3. In a beverage making machine, a stationary support, means for delivering beverage makin material to said support, means for conveying said beverage making material t e point of elivery toward the edges of the support, and means for supplying a liquid to the beverage making material as-it is being so conveyed, said conveying means comprising a rotatable feed scroll operative in ,the beverage making material arranged on said support.
4. In a beverage making'machine, a stationary support, means for delivering beveracre making material to said support, a tray disposed over the support, means for rotat- -ing the tray, and means carried by the tray to operate in the beverage making material delivered to the support to convey said beverage making material outwardly upon said support.
5. In a beverage making machine, a stationary support, means for delivering beverage making material to said support, a tray disposed over the support, means for rotating the tray, and a feed scroll carried upon the tray to actuate the beverage making material outwardl on said supiport.
6. In a verage ma ing machine a support having a series of ribs u on the upper sur- 'face thereofland a rotata le feed scroll operative imme 'ately above said ribs.
7. In a beveranmaking machine, a hopper for beverage ma g material, a support isposed belowthe hop er, a feed tube for conveying beverage ma g material from the hopper to the sup ort, a shaft rotatable in the tube, and meciianism disposed over the sup rt and driven by the shaft for moving sai beverage making material outwardly on said support.
8. In a machine for making coilee and the like, a pan, means for delivering coffee granules centrally to the pan, means for moving the granules over and thence from the pan,
means for delivering hot water to the moving mass of granules and means at a level above the bottom of the pan for draining off the li uid coiiee.
` 9. a machine for making coffee and the like, a pan, means for delivering coffee granules centrally to the gan, means for moving the granules over an thence from the pan, means for delivering hot water to the movi mass of granules, and means fordrawing o i the liquid coee in the pan as it reaches a p'edetermined level above the bottom thereo O 10. In a machine for making coffee and the like, a pan, means for delivering coffee granules centrally to the an, means for moving the granules over ans thence from the pan, means for delivering hot water to the moving mass of granules, and means including screened outlets disposed at a level above the pan bottom for draining off the liuid coffee.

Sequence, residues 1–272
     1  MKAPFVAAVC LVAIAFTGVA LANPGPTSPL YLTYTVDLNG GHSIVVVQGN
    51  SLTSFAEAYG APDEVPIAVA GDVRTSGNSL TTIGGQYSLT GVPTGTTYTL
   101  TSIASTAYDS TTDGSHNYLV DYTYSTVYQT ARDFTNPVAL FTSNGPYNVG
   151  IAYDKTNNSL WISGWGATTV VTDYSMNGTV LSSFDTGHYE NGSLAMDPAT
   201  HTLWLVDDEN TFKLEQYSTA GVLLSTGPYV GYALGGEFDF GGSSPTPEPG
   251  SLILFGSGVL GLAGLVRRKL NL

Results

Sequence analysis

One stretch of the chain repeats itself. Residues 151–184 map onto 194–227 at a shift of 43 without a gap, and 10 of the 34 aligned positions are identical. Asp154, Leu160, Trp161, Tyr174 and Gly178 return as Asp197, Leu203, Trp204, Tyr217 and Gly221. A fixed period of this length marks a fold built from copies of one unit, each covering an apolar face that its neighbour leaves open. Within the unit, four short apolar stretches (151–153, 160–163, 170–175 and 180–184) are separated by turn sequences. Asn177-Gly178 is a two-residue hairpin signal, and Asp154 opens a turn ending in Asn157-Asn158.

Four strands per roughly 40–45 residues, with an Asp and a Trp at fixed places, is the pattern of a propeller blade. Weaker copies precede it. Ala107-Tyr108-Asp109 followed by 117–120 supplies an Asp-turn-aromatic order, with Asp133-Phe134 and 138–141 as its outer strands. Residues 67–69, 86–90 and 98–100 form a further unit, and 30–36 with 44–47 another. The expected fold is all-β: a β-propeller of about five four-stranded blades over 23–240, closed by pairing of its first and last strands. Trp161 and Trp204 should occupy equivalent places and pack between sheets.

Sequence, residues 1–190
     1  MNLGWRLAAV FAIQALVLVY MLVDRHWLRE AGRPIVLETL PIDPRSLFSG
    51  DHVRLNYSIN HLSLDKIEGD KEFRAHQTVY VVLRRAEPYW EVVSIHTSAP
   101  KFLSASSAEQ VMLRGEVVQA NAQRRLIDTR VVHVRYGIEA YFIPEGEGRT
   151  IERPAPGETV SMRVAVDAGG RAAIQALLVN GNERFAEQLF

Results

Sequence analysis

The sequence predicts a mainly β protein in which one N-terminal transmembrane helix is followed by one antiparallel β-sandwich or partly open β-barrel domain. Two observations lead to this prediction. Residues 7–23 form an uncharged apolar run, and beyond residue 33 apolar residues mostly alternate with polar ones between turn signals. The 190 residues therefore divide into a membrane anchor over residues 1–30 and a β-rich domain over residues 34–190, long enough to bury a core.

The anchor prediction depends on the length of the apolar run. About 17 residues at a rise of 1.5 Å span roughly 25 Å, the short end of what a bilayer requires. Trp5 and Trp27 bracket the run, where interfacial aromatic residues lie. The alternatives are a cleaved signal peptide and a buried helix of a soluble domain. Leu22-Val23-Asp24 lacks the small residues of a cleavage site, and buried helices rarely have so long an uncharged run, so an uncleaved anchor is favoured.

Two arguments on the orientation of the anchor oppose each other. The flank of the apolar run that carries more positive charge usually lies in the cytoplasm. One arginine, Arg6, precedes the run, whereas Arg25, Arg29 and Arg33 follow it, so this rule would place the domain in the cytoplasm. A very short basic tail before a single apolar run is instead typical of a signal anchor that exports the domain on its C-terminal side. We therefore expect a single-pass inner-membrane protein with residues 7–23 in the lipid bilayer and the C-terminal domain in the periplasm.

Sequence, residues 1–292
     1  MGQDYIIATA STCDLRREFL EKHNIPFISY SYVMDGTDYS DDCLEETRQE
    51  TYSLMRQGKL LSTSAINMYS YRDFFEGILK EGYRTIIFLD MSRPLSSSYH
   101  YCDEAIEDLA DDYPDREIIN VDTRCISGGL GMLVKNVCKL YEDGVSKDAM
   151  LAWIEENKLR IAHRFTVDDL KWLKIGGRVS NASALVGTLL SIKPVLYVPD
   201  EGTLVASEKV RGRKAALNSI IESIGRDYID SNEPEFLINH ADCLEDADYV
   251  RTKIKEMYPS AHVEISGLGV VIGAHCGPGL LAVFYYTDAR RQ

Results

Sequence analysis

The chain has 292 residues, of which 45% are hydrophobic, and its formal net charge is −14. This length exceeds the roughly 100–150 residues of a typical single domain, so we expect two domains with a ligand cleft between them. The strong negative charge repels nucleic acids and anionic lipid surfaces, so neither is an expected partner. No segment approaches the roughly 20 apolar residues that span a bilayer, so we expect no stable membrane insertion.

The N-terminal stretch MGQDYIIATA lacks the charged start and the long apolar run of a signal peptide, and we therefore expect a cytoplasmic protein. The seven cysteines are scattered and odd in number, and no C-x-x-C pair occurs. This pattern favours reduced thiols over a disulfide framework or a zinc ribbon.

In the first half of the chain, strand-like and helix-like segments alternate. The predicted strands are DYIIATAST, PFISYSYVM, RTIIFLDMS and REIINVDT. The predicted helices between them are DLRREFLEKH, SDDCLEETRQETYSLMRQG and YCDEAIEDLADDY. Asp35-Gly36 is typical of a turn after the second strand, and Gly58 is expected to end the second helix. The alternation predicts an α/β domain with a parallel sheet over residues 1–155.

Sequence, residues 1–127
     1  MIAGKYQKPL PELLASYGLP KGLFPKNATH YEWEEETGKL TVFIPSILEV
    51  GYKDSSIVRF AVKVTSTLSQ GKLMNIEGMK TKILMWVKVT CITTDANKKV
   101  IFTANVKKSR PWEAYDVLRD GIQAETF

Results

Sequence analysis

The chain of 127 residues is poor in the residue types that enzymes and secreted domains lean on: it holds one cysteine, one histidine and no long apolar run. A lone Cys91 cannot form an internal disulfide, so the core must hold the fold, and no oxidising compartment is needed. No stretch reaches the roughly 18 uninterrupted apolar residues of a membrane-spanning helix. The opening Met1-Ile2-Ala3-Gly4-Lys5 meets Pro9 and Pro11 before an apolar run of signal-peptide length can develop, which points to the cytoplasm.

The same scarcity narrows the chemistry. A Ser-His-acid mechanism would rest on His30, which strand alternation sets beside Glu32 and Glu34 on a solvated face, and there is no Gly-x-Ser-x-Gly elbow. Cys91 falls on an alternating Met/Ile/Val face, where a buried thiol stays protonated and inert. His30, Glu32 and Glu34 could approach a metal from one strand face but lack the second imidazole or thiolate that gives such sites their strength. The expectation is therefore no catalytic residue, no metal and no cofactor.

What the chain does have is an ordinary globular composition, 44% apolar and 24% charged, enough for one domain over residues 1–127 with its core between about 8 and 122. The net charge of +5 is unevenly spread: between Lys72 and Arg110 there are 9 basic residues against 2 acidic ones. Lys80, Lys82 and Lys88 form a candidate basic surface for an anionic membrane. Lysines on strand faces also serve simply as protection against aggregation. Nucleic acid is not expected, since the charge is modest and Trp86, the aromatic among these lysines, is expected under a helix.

11. In a machine for making co ee and the like, a pan, a feed scroll operating in the pan to move granules fed centrally thereto outwardl and from the pan, a tray disposed over t e pan, and having screened openings to exclude the granules but which will permit liquid coee to flow from the an into the tray, and means for drainin t e tra 12. In a machine for maing co ee and the like, a pan, a feed scroll operating in the pan to move (granules fed centrally thereto outwardly an from the pan, a tra disposed over the pan, and having screene openings to exclude the granules but which will permit liquid coffee to flow from the pan into the tray, and means for draining t e tray, said tray being1 rotatable whereby the openin screens wi have self-cleaning contact wi the mass of coee granules in the an.
13. In a machine for making co x ee and the like, a pan adapted to receive a supply of coffee granules at substantially a central point, a tray rotatably mounted in spaced relation above the an, means carried by the tray for actuating v e coffee su ply in the pan outwardly from its oint ofp same, means for ap yin hot water to the coee suppl as it is delivered to the pan, and means isposed outwardly with respect to the an center for draining the pan.
receiving the n 14. n a machine for making coffee and the like, a pan adapted to receive a supply of coffee granules at substantially a central oint, a tray rotatably mounted in spaced reion ation above the pan, means carried by the tray for actuating the coffee sup ly in the` pan outwardly from its oint 'o receiving the same, means for app ying hot water to the cofee su ply in the pan, said tray being provided wi an annular series of openings whereby liquid coi'ee may be drained from the pan into the tray, and means for draining the tray;i
1 5. a machine of the character described, a receptacle for holding coffee granules and the like, a tray disposed in but spaced above the rece tacle, means for supp ying hot water to t e receptacle for ma ing the hquid coee therein, said tray being rovided with openings, at a level above the ttom but below the top of the pan, to drain 4oi the liquid coee as it reaches a predeterules and the like, a tray disposed in but `spaced above the receptacle, means for supplying hot water to the receptacle for making the liquid coffee therein, said tray being provided vvith openings, at a level above the bottom but below the top of the pan, to drain off the liquid coffee as it reaches a predetermined level, and means for draining the tray.
17. In a machine ofthe character described,
, a Areceptacle for holding coffee granules and the like, a tray disposed in but spaced above the receptacle, means for supplying hot water to the receptacle for making the liquid coffee therein, said tray being provided with openings at a level above the bottom but below the top of the pan to drain off the liquid coffee as it reaches a predetermined level, and screens covering the openings whereby to filter the liquid coffee.